Shelves: روايات

إن قراءة سلمان رشدي في هذه الرواية لم تكن سهلة يجب على القارىء أن يمسك خيوطها منذ البداية فإن أفلتت منه سيكون من الصعوبة الإمساك بها من جديد ..شخصيا وصلت إلى أعلى قمة للمتعة تلك الحالة التي أشعر بها بالرضا الشديد بالإعجاب والإنذهال والتساؤل كيف يتأتى لكاتب أن يكتب بهذا الإحتراف أن يطلق بندقيته في وجه التاريخ دون وجل أن يخترع أفكارا وشخصيات خرافية لها صلة بشخصيات حقيقية كانت صانعة ومؤثرة.. تبدو لي أن الكتابة عنها ليست أيضا بهذه السهولة سأبدأ في اقتباس لفت نظري جدا لأنه يبدو لي لا يلخص السبب بل ال
sweet jane
Apr 27, 2016 sweet jane rated it it was amazing  ·  review of another edition
15 Αυγούστου 1947: Η Ινδία πετάει από το σάρι της τον Βρετανικό ζηγό και ετοιμάζεται για την αναγέννηση της. Εκείνη την στιγμή, πάνω στην αλλαγή της ημέρας, γεννιούνται δύο αγόρια με ιδιαίτερες δυνάμεις. Την τύχη τους θα αλλάξει η μοίρα, ή μάλλον καλύτερα η Μαίρη, και μπροστά μας θα εξαλλαχθεί ένα απίστευτο παραμύθι ανάλογο εκείνων από τις Χίλιες και μία νύχτες.
Τα παιδιά του Μεσονυκτίου είναι ένα βιβλίο ιστορίας, πολιτισμού και εικόνων από την Ινδία. Ο Ρούσντι πλάθει ένα παραμύθι τριών γενιών κα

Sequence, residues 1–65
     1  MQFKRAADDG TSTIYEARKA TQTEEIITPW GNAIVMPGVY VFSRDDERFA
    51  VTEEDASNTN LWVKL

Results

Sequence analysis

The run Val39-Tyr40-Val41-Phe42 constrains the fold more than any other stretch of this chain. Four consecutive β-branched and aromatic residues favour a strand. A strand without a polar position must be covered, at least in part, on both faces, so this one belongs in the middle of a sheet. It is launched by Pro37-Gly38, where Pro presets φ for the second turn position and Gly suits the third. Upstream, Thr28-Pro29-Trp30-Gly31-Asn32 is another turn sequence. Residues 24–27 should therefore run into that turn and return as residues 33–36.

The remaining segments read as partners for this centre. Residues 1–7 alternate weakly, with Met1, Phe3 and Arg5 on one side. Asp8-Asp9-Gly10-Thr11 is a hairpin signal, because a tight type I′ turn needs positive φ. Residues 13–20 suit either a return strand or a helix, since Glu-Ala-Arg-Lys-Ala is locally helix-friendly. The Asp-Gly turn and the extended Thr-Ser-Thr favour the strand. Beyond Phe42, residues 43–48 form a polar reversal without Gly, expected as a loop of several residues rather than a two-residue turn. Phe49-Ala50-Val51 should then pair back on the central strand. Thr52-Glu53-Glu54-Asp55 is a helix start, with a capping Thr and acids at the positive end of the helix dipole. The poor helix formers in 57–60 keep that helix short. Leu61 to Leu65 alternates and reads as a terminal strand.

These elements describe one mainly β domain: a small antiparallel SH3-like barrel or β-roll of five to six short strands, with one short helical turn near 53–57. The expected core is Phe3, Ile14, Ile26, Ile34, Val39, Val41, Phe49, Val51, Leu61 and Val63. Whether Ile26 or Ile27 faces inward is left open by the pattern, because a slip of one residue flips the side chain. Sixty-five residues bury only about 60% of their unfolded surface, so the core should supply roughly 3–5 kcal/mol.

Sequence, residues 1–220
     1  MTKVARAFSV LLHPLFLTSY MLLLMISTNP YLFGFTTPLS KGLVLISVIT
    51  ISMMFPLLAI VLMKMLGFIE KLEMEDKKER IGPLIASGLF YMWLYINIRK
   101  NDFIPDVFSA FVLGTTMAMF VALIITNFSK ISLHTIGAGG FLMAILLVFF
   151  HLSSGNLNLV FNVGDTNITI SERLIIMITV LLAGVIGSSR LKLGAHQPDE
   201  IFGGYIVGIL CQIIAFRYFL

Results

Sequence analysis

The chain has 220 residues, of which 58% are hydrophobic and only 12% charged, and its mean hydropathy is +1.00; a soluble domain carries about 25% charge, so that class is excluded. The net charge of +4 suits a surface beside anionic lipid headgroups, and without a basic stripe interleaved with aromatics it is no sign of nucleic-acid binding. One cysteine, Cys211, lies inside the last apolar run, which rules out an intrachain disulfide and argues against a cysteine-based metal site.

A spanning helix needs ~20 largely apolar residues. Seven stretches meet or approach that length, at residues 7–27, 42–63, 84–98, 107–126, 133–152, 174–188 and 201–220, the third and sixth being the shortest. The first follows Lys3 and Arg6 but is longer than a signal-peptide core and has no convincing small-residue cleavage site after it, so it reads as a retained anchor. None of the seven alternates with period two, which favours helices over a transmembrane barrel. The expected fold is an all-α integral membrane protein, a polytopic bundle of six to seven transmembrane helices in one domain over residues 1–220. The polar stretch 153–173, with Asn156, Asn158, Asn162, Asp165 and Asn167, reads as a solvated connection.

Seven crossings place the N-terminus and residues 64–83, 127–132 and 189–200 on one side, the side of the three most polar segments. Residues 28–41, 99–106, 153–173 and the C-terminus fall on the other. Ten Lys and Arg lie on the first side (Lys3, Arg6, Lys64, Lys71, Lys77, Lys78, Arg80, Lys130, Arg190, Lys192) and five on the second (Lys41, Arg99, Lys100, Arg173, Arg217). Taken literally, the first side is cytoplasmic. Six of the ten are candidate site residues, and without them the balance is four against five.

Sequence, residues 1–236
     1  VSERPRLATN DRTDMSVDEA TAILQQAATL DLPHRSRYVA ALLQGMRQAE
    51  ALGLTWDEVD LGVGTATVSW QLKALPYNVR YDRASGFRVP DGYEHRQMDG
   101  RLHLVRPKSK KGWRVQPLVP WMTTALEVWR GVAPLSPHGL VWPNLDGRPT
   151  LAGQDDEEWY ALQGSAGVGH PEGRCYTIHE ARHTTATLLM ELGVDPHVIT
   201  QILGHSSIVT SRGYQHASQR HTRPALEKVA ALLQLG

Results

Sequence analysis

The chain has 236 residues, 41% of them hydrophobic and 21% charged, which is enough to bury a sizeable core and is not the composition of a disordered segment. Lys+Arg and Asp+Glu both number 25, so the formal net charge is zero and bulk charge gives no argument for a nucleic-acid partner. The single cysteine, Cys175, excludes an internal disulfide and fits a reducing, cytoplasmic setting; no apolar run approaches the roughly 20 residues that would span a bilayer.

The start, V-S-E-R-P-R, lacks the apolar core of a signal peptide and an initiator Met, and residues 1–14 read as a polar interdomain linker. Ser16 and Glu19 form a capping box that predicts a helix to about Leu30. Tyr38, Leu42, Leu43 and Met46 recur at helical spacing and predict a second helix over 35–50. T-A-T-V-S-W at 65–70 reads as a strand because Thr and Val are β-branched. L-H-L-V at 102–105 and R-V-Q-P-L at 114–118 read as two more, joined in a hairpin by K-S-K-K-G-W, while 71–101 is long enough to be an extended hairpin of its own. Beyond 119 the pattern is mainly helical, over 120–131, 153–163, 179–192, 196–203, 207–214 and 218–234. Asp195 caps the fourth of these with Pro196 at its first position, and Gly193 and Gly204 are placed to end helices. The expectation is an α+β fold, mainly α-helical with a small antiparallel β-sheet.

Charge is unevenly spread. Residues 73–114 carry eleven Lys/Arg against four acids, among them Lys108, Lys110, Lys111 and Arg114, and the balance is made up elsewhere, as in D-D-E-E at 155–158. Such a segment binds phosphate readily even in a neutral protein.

Dec 10, 2011 Rebecca rated it it was ok  ·  review of another edition
Reading Rushdie's Midnight's Children is like listening to someone else's long-winded, rambling re-telling of a dream they had. And like all people who describe their dreams -- especially those who do so long past the point where their listeners can believably fake interest or patience -- Rushdie is inherently selfish in the way he chose to write this book. Midnight's Children is one of those novels that are reader-neutral or even reader-antagonistic -- they seem to have been written for the sol ...more
Dec 02, 2007 Ben rated it liked it  ·  review of another edition
Recommends it for: anyone who reads fiction written after 1965
This was an extremely good book; one which, for some reason, I couldn't quite fall in love with. I was, however, more and more impressed with Rushdie's mastery over his novel as I made my way through it.

Midnight's Children is as much a tale of history and nationhood as it is of a person. I think, in some sense, the book was a sort of authorial attempt to bring into the realm of substantial palpability everything that had happened to the Indian subcontinent since Independence in '47 (or thereabou
Jul 27, 2012 Algernon rated it it was amazing  ·  review of another edition
Shelves: 2012, favorites

I tried tackling this "sacred monster" of a book twenty years ago, and I was defeated - neither my English skills, nor my cultural background were up to the task, and I had to return it to the library only a third of the way in. In a way I'm glad I've waited so long to come back, because Midnight's Children is still a difficult book, but worth all the effort on my part and all the critical praise it received from the Booker Prize crowd.

It was from the start a most ambitious project - the Indian
Paul Bryant
Dec 28, 2012 Paul Bryant rated it it was amazing  ·  review of another edition
Shelves: novels, india